BY OBEY MANAYITI
THE Nelson Chamisa-led MDC has described the ongoing restructuring exercise, which has often turned violent ahead of the party’s elective congress next month, as a necessary “re-oiling” antidote to harden them for future battles against the ruling Zanu PF.
Party spokesperson Jacob Mafume told NewsDay yesterday that although the restructuring exercise had triggered violent scenes in some parts of the country, adequate mechanisms had now been put in place to ensure the process runs smoothly.
Violence flared up in Bulawayo, Beitbridge, Harare, Chitungwiza and Chipinge at the weekend as MDC bigwigs jostled for posts.
“We are re-oiling our machinery, sharpening it and focusing it for the battles that lie ahead,” Mafume said.
“The party is renewing. We are shedding off old skin and it’s a renewal process that we go through after every five years. We are finishing what happened with the advent of president [Nelson] Chamisa after the untimely demise of our icon (Morgan Tsvangirai) and we managed to renew the presidency and now we are renewing all the structures.
“We are retooling, making sure that we are geared for the battles. The party will come out sharper and stronger and more suited for purpose. We have to rejig the party to become a modern party.”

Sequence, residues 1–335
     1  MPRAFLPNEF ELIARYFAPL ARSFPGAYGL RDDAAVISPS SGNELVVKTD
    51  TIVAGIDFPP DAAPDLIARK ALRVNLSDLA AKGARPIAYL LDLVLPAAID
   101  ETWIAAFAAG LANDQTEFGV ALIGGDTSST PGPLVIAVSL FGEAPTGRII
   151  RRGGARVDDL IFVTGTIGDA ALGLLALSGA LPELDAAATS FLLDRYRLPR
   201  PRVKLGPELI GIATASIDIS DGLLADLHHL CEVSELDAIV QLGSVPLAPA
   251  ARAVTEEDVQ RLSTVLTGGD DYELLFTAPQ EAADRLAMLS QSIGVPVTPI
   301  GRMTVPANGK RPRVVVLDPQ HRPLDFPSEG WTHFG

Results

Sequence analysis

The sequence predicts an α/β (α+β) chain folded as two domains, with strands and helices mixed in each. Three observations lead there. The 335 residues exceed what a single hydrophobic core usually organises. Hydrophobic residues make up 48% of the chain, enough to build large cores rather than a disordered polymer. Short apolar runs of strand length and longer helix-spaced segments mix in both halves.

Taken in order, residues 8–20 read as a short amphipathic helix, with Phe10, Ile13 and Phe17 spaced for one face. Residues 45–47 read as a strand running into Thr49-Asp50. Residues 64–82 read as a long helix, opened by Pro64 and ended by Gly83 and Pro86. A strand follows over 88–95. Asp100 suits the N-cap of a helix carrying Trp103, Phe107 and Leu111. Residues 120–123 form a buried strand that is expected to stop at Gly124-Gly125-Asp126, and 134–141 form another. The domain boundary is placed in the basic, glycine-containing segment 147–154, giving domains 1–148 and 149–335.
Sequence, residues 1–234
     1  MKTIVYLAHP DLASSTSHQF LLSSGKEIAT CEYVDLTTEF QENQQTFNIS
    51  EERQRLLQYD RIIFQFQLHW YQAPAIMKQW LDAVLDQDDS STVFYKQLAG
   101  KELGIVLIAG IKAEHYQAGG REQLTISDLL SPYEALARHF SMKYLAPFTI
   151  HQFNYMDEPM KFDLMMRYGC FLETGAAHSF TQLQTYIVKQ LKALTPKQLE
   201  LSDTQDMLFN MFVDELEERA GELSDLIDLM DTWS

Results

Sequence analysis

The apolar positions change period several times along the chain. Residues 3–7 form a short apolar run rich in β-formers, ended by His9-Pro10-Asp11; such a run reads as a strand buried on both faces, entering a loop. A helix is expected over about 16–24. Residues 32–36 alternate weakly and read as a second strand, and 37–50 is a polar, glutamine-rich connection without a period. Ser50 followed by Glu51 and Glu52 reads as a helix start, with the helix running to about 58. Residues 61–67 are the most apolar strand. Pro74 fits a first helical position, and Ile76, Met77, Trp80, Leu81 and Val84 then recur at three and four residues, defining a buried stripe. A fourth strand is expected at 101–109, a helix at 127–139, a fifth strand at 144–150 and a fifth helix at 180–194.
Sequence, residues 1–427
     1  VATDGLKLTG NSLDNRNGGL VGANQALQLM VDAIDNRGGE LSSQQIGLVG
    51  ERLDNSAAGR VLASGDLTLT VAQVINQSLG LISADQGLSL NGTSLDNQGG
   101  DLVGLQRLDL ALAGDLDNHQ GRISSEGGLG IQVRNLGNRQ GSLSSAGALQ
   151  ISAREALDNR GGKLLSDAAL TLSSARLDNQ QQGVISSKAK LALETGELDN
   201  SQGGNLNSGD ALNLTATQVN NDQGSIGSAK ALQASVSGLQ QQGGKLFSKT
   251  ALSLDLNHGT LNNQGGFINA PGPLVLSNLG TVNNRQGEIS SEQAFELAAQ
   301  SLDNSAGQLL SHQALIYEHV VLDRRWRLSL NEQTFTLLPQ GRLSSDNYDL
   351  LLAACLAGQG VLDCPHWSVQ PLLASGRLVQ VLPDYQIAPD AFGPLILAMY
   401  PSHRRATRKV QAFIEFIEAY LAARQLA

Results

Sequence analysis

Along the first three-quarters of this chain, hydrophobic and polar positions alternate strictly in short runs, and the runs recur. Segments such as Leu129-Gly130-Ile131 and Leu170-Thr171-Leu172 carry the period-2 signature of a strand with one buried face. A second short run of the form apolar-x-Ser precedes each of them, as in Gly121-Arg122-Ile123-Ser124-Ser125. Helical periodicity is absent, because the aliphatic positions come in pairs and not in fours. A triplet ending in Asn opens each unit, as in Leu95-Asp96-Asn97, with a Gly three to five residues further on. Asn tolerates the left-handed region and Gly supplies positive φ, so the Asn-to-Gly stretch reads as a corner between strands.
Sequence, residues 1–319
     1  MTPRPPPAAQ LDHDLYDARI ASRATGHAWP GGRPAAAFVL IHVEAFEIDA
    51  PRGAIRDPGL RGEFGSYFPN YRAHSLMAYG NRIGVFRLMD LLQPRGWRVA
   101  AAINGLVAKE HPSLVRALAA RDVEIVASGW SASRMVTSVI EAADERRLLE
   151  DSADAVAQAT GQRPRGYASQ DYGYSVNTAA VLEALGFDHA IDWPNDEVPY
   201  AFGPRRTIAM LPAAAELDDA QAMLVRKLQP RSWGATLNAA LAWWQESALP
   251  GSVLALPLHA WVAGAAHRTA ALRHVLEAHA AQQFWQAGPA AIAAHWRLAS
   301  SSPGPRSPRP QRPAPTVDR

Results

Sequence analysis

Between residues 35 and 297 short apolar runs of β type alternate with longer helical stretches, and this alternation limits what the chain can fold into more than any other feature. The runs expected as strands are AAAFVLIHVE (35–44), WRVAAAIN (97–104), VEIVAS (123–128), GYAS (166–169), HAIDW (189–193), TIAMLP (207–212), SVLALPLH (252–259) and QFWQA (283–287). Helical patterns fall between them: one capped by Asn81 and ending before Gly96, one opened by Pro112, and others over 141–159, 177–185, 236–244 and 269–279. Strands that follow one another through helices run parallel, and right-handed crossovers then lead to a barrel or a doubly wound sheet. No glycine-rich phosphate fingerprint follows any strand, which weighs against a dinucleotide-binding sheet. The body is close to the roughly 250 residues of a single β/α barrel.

He said when Chamisa took over after Tsvangirai’s death, he gave Zanu PF leader President Emmerson Mnangagwa a good run for his money in the July 30, 2018 presidential election.
“When we had a change of leadership, we beat Zanu PF at the presidential election and now that we are changing the leadership at the lower structures, we will beat them again in the upcoming elections. This renewal process is very important for an organisation and our renewal process brings about a rebound in the character of the MDC,” Mafume said.
Turning to the Bulawayo council by-election which the MDC lost after fielding two candidates, the MDC spokesperson acknowledged that the party made some mistakes, but said there were other factors that affected their performance, including government’s violent clampdown on civilians during January’s protests.
“Our supporters must not lose heart. We understand that Zanu PF is trying to overblow its performance in the Cowdray Park by-election, which by-election was affected by a number of factors such as the violence meted against our supporters during the whole of February and January. Many of them were in courts.”
He, however, admitted that internally, they were weakened by some mistakes such as double fielding of candidates.
Mafume, nonetheless, vowed that past mistakes would be corrected after the congress, adding the opposition movement would accommodate even congress losers, so as to solidify its structures.
“The renewal process has happened across the districts, new leaders are emerging and old leaders are going forward,” Mafume said.
“Those who would have fallen will not be abandoned, but we have mechanisms to co-opt some of them into various structures at guardianship levels and making sure that the expertise that we have is not lost.
“As a party, we are happy that as a civilian party, we were able to hold internal democratic purposes by and large that are successful and an example of exercising democracy in a civilian party. Going forward, we are now going for the provincial congresses that should start in two weeks’ time.”